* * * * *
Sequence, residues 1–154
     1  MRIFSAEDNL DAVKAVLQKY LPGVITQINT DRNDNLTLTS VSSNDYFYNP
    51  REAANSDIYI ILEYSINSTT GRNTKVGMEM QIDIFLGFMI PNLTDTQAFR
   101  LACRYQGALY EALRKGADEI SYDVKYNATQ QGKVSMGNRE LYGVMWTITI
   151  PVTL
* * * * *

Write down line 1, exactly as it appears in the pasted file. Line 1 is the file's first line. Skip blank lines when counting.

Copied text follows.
Sequence, residues 1–154